Holiday season not joyous for all

December 07, 1998|By DON AINES

CHAMBERSBURG, Pa. - 'Tis the season to be jolly, but for many the period between Thanksgiving and New Year's Day is a time when they are overwhelmed by holiday shopping and social and family obligations.

"We need to give ourselves a Christmas gift, and that gift is time," said Julie Marker, a staff nurse in the behavioral health unit at Chambersburg Hospital. She was the guest speaker Wednesday at St. John's United Church of Christ.

Marker spoke to a group of about a dozen women on the subject of holiday depression and stress. Her talk was part of a series in the Wilson College Health Ministries program.

For various reasons, the holidays can create stress and lead to "situational depression," according to Marker. That's different from clinical depression, which can require counseling and medication to treat.


Holidays are a time of family traditions, some of which Marker said can contribute to stress. "Just because we've always done it that way doesn't mean we always have to do it that way," she said.

Citing her own example, she decided when her son was young that Christmas was a day for her family to stay home, rather than trying to fit present opening and visits to grandparents into the same day.

If there has been a recent death in the family, changing traditions can be helpful, she said. For others, maintaining family traditions is just as important.

"There is no perfect remedy for the holidays," she said.

One woman said she had lost several people close to her during the holidays. Marker suggested she focus on the good things those people brought to her life, perhaps making their birthdays a day of remembrance, rather than the day they died.

To free up more time during the holidays, she suggested buying fewer gifts, attending fewer parties, or "maybe we'll bake a couple of dozen less cookies."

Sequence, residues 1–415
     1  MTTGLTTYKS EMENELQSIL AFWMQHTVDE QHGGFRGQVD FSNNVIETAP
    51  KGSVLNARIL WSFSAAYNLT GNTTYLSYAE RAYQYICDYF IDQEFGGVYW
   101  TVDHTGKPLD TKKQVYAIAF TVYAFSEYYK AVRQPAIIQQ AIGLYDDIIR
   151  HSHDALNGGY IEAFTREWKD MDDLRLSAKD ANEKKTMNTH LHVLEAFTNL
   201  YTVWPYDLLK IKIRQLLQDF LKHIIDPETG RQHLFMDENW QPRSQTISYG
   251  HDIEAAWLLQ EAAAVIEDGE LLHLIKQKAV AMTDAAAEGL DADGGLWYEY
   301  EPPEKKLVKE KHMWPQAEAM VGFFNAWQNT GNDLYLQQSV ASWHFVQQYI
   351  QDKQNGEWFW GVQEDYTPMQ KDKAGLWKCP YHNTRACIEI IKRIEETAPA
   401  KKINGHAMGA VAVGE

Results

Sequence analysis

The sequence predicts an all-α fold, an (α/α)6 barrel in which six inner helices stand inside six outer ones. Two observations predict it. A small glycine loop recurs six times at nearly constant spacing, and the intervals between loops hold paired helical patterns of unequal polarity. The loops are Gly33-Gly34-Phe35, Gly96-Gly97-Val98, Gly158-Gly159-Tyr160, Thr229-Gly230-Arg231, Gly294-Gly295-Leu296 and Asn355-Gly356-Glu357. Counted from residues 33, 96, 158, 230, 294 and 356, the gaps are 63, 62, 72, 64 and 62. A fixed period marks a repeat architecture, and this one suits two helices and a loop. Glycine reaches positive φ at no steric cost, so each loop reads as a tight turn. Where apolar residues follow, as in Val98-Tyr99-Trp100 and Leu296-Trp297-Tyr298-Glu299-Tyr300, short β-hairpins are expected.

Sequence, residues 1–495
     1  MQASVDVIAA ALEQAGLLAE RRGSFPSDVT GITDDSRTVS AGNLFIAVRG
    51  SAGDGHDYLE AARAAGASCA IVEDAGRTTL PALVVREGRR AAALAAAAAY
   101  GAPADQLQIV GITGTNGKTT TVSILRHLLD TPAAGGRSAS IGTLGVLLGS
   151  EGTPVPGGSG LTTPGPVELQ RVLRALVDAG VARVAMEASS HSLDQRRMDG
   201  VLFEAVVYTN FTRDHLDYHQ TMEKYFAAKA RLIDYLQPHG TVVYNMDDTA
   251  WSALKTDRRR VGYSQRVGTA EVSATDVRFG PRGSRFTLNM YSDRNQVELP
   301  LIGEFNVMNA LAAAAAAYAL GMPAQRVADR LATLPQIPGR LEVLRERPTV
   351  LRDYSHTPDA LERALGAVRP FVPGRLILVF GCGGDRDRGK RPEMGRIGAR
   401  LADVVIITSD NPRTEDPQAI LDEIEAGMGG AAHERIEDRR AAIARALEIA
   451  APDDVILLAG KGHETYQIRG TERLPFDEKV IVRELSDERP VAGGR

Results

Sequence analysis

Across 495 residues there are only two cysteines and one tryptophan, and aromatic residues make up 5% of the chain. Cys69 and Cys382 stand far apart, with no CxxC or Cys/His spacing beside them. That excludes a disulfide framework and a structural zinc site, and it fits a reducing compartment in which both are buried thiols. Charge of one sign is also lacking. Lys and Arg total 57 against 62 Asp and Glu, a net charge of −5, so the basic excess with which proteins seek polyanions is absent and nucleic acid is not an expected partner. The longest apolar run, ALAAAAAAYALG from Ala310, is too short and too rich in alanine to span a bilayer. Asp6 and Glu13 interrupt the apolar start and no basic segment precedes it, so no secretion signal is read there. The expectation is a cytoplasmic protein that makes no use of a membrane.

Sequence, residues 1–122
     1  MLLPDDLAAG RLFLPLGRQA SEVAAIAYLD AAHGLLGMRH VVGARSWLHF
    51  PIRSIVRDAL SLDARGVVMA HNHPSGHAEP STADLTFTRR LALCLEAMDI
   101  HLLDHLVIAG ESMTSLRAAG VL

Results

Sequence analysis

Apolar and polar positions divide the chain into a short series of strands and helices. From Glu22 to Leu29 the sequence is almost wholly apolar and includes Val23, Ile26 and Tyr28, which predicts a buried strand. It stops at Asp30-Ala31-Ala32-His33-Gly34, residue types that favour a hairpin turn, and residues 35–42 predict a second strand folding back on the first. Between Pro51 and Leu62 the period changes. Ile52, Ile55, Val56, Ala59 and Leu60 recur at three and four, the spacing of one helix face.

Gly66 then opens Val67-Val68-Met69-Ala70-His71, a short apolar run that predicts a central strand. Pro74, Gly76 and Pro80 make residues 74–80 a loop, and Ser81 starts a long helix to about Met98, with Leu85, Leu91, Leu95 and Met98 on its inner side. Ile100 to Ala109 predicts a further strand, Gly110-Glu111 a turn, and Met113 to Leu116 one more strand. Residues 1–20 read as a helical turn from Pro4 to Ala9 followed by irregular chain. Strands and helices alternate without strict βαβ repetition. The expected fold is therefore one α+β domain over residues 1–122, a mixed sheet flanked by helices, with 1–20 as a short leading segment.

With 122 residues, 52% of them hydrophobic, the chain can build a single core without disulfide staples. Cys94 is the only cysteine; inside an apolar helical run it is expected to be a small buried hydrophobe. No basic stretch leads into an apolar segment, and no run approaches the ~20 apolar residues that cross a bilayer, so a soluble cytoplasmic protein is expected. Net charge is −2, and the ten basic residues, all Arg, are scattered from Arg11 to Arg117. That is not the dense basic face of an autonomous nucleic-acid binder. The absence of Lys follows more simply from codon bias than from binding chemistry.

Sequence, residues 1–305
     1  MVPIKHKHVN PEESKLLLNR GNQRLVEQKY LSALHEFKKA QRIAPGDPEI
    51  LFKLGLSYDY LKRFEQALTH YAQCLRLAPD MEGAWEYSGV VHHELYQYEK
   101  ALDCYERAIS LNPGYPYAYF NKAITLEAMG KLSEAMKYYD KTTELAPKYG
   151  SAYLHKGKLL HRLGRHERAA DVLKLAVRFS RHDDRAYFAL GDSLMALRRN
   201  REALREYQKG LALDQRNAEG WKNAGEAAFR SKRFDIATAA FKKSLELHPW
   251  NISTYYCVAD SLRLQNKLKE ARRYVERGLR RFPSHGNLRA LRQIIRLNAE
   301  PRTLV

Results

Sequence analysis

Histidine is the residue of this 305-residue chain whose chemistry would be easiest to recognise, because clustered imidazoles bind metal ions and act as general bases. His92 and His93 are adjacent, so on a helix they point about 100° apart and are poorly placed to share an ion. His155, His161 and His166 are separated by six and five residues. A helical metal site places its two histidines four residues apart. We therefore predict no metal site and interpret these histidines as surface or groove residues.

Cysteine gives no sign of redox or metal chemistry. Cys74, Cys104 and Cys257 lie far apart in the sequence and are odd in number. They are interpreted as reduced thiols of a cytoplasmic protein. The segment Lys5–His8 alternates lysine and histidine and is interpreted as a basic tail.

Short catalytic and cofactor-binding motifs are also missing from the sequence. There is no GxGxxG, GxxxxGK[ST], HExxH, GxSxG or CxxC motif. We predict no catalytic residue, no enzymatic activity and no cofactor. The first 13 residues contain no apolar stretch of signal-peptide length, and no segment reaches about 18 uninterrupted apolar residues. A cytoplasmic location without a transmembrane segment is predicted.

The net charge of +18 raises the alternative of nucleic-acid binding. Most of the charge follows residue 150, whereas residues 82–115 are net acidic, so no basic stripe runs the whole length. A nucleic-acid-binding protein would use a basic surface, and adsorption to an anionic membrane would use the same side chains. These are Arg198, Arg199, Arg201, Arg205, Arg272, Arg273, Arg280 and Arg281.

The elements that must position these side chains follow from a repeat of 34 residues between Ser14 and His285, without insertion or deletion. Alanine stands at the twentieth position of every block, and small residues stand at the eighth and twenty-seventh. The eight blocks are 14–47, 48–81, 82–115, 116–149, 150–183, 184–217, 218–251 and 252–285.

"Making a list works. Set down what the priorities are," Marker said.

The more time a person has, the more he or she can share with others. Asked what to do for a friend or family member who has the holiday blues, she said, "Give them some of your time. ... If they need to talk, let them."

The depression some experience around the holidays isn't always a matter of the accelerated pace of modern life. Seasonal affective disorder, or SAD, is a form of depression caused by a lack of exposure to natural sunlight.

"We have some people come in for light therapy as early as September," according to Marker. Those treatments involve sitting under special lights for short periods of time, she said.

According to Dr. Bob Skelly, a psychologist and director of Lutheran Counseling Services in Chambersburg, shorter days mean some people spend all the daylight hours indoors at work.

That lack of sunlight can lead to a drop in energy, the need for more sleep, overeating and stronger feelings of depression.

Keeping healthy is one way to lessen the effect. In a news release, he suggested eating balanced meals, getting adequate rest and exercise. A few 30-minute walks a week will improve one's mental and physical well-being while also increasing exposure to sunlight.

Skelly echoed Marker's advice to simplify the holidays and be realistic about plans and expectations.

"Letting go of some expectations can help ensure a more relaxed attitude," he said.

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